Performance Modeling of Building Energy Usage: Real Data for REAL Savings

  • Eva Urbatsch
Keywords: Energy Usage

Abstract

The Bonneville Power Administration (BPA) has been using a free add-in to common workplace software and two easily available data inputs to verify savings from energy efficiency projects. Regressionbased energy modeling is a technique that uses observed energy use and measured temperature to model behavior of an existing building. These empirical models reflect actual building operations and observed response to temperatures, unlike theoretical energy models (such as eQuest or EnergyPlus) that assume design conditions and ideal operation. Readily obtainable data—energy consumption (such as daily usage from advanced meters or monthly billing data) and recorded outdoor temperature from a nearby airport—are used with a free Excelbased tool called ECAM+ to construct models of baseline and postretrofit energy use. These empirical models describe real-world building energy response to outside air temperature, and can be normalized to typical local temperatures to determine the energy savings from major retrofit projects. They can also help spot operational issues during the project performance period. This modeling technique is especially useful for hard-to-measure, interactive projects such as controls or retrocommissioning, but can be applied to any project with savings expected to be greater than a few percent of whole-building energy use.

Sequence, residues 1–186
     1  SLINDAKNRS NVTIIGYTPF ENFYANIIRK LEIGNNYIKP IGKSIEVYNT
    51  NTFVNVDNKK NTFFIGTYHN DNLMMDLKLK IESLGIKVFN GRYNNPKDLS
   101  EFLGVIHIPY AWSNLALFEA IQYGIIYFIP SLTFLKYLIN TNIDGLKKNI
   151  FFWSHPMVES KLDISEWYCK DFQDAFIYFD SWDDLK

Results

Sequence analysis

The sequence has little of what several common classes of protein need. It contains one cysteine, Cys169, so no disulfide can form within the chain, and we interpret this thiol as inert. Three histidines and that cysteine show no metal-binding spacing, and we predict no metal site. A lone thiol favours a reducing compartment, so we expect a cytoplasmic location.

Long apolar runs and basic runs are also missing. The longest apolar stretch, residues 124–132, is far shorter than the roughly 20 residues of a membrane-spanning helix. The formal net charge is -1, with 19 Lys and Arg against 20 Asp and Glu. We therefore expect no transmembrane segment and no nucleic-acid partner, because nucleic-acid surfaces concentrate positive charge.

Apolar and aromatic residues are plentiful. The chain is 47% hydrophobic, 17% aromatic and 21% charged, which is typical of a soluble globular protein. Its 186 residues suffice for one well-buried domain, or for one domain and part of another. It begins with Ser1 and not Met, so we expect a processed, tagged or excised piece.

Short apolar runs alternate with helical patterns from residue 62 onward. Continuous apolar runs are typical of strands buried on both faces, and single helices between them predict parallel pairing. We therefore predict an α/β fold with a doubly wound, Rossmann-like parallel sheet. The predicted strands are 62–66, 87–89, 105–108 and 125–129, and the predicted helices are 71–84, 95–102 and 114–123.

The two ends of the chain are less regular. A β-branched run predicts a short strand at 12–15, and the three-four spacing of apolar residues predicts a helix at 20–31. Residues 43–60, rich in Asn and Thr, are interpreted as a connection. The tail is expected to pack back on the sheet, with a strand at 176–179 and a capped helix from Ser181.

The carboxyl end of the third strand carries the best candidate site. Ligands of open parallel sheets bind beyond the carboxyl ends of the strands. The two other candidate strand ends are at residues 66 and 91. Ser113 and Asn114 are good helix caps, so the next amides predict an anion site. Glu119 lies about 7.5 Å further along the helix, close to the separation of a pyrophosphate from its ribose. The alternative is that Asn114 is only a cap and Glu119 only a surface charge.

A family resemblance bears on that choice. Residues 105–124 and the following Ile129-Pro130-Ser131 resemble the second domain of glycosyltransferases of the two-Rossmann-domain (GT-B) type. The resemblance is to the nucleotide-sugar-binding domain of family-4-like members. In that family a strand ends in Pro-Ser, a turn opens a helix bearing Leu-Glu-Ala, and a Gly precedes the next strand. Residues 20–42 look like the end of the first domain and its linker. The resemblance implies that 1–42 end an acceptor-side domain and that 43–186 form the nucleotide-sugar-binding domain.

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Author Biography

Eva Urbatsch

Eva Urbatsch, P.E., is an energy efficiency engineer under contract to the Bonneville Power Administration. She currently focuses on custom efficiency projects, development of tools to estimate energy efficiency savings for specific applications, and measurement and verification for agricultural and commercial energy efficiency projects. She has been working in energy and water efficiency since 2002. She has an undergraduate degree in (among other things) metallurgical engineering, and a master’s degree in science, technology, and public policy. She can be reached at emurbatsch@bpa.gov.

References

Pacific Northwest Electric Power Planning and Conservation Act. 1980. 16 U.S.C. §839.

ASHRAE. 2002. Measurement of Energy and Demand Savings. ASHRAE Guideline

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Efficiency Valuation Organization (EVO). 2012. International Performance

Measurement and Verification Protocol: Concepts and Options for Determining

Energy and Water Savings Volume 1. EVO 10000—1:2012.

Kissock, J., Haberl, Jeff, and Claridge, David. 2002. Development of a Toolkit for

Calculating Linear, Change-point Linear and Multiple-Linear Inverse Building Energy

Analysis Models. ASHRAE RP-1050.

Published
2015-08-01
Section
Articles